She could never have imagined, however, that just six months into her first consultant post specialising in infectious diseases at the Victoria Hospital in Fife, the world would be consumed by a global pandemic.
On the one hand there was academic curiosity as to the source and evolution of Covid-19.
The medical profession knew about other coronaviruses like Sars-cov-1 while another part of her training involved donning and doffing appropriate PPE for managing high consequence infectious diseases.
But until Covid-19 hit, she says it just couldn’t be conceived what impact it would have.
Life would ‘never be the same again’
“Could we have imagined the scale of what was to happen? That’s a really good question – I don’t think I could admit to being so prescient,” Dr Bulteel, 38, tells The Courier in an interview from the Victoria.
“A lot of my colleagues realised that life was never going to be the same again and perhaps there was a degree of naivety almost on an academic level.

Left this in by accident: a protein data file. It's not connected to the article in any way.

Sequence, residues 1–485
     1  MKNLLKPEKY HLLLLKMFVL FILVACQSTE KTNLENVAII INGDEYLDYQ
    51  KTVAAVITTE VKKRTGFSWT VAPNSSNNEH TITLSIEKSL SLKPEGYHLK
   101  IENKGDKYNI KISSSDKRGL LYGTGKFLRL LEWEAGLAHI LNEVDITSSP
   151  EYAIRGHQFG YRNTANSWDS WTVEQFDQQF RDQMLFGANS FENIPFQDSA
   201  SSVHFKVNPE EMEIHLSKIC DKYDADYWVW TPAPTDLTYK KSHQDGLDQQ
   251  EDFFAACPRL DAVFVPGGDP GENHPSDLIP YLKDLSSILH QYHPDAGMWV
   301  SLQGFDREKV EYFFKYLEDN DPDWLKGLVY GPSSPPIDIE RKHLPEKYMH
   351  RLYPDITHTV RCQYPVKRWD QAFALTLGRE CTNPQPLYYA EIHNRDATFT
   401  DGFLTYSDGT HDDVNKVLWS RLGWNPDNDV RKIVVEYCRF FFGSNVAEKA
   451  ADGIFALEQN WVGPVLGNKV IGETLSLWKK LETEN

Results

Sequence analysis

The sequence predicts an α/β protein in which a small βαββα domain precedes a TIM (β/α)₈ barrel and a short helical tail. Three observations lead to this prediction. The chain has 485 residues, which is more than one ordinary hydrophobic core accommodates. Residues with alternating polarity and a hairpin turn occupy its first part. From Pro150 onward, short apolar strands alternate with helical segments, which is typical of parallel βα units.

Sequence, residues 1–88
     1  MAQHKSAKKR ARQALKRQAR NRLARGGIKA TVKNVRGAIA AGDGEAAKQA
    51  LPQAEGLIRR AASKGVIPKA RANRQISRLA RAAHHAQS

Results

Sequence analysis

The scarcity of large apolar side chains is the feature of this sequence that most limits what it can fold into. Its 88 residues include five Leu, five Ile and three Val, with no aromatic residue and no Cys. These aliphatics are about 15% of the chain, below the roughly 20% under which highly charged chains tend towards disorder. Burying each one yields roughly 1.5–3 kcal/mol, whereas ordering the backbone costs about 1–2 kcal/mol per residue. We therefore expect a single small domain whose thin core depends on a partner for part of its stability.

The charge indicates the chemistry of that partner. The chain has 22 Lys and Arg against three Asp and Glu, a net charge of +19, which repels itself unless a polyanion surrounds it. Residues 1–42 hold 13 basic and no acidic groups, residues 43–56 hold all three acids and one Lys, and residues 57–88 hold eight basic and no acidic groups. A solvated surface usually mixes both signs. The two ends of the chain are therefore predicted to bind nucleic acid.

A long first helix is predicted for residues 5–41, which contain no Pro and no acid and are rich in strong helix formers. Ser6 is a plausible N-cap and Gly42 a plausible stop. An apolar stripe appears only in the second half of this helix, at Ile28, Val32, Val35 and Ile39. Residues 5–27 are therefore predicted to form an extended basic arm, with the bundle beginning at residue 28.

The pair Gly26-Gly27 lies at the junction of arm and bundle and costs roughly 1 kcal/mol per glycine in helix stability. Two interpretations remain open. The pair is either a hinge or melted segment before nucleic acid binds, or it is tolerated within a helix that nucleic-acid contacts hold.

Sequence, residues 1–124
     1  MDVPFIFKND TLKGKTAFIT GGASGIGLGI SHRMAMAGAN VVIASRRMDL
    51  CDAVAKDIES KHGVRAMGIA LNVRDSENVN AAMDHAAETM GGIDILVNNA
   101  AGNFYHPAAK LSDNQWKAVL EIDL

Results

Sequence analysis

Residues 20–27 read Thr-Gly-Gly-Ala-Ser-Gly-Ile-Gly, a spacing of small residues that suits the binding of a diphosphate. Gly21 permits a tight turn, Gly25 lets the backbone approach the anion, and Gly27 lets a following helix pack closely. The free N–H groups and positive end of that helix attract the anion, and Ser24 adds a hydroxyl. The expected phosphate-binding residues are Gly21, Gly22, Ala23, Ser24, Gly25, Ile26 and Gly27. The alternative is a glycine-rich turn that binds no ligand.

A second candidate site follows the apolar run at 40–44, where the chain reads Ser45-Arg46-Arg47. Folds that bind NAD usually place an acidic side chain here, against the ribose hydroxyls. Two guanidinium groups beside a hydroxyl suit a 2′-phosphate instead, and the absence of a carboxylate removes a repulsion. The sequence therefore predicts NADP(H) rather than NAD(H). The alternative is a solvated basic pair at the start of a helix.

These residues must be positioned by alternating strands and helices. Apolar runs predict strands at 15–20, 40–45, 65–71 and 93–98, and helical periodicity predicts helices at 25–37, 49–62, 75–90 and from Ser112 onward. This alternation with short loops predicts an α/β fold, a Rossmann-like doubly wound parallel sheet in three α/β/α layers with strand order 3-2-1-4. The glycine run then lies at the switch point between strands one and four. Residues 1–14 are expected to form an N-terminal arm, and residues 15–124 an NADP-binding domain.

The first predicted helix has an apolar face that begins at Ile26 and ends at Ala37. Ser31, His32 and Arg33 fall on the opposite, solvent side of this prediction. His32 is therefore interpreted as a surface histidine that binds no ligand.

“We were following what was happening in China, we were following what was happening in Wuhan and from December we’d started getting reports through an email service of this viral pneumonia and outbreaks around the world.
“Then it started getting picked up by the medical journals.
“So academically you were aware that this was happening. We were starting to prepare for it. We were hearing of colleagues in England starting to see cases.
“But at the time we hadn’t had many cases in Fife. I think until it hit I just couldn’t conceive of that degree of change to our way of life. It was a really strange time.”
Dr Bulteel, who was heavily involved in hospital planning to ensure patient safety, explained that as members of the key medical team, Fife’s medical consultants took it in turns to be on call.
She says Fife did really well responding to the threat at that early stage.